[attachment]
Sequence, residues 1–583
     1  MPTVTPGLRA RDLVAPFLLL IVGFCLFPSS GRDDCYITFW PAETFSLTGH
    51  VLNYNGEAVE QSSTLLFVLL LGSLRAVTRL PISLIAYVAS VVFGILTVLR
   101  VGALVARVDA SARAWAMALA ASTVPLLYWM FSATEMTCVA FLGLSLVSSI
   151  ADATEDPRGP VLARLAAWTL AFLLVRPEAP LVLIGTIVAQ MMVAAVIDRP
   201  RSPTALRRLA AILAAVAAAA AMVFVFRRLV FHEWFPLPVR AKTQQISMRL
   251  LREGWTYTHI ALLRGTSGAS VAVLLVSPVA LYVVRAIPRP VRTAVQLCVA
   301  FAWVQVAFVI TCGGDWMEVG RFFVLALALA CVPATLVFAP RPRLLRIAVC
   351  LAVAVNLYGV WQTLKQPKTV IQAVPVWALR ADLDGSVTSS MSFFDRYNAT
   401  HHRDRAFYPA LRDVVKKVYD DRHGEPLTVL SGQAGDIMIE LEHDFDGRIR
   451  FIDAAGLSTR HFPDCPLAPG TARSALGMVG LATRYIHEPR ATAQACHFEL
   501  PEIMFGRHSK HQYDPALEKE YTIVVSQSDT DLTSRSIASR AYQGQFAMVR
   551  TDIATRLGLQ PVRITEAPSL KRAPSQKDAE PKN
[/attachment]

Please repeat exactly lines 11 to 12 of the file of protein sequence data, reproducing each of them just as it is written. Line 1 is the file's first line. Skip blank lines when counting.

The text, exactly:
   451  FIDAAGLSTR HFPDCPLAPG TARSALGMVG LATRYIHEPR ATAQACHFEL
   501  PEIMFGRHSK HQYDPALEKE YTIVVSQSDT DLTSRSIASR AYQGQFAMVR